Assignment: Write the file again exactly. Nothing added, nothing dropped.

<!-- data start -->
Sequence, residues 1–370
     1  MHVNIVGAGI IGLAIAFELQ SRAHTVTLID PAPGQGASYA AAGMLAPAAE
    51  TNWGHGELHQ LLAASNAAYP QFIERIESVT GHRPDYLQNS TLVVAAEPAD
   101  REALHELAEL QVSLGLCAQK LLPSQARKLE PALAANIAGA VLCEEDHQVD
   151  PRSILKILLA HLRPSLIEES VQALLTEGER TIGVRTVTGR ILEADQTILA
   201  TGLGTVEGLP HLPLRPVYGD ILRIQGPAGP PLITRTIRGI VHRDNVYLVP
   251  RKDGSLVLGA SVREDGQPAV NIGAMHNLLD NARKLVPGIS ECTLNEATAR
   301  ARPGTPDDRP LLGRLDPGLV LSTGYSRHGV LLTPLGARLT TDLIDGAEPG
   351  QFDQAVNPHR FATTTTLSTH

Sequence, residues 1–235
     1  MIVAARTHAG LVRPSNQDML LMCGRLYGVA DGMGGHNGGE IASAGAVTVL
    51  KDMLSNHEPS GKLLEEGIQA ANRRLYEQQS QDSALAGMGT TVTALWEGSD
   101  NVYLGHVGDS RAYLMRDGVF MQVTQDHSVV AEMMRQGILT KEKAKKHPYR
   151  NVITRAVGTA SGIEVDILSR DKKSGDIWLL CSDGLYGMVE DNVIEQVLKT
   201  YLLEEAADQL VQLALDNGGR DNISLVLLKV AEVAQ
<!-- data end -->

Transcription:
Sequence, residues 1–370
     1  MHVNIVGAGI IGLAIAFELQ SRAHTVTLID PAPGQGASYA AAGMLAPAAE
    51  TNWGHGELHQ LLAASNAAYP QFIERIESVT GHRPDYLQNS TLVVAAEPAD
   101  REALHELAEL QVSLGLCAQK LLPSQARKLE PALAANIAGA VLCEEDHQVD
   151  PRSILKILLA HLRPSLIEES VQALLTEGER TIGVRTVTGR ILEADQTILA
   201  TGLGTVEGLP HLPLRPVYGD ILRIQGPAGP PLITRTIRGI VHRDNVYLVP
   251  RKDGSLVLGA SVREDGQPAV NIGAMHNLLD NARKLVPGIS ECTLNEATAR
   301  ARPGTPDDRP LLGRLDPGLV LSTGYSRHGV LLTPLGARLT TDLIDGAEPG
   351  QFDQAVNPHR FATTTTLSTH

Sequence, residues 1–235
     1  MIVAARTHAG LVRPSNQDML LMCGRLYGVA DGMGGHNGGE IASAGAVTVL
    51  KDMLSNHEPS GKLLEEGIQA ANRRLYEQQS QDSALAGMGT TVTALWEGSD
   101  NVYLGHVGDS RAYLMRDGVF MQVTQDHSVV AEMMRQGILT KEKAKKHPYR
   151  NVITRAVGTA SGIEVDILSR DKKSGDIWLL CSDGLYGMVE DNVIEQVLKT
   201  YLLEEAADQL VQLALDNGGR DNISLVLLKV AEVAQ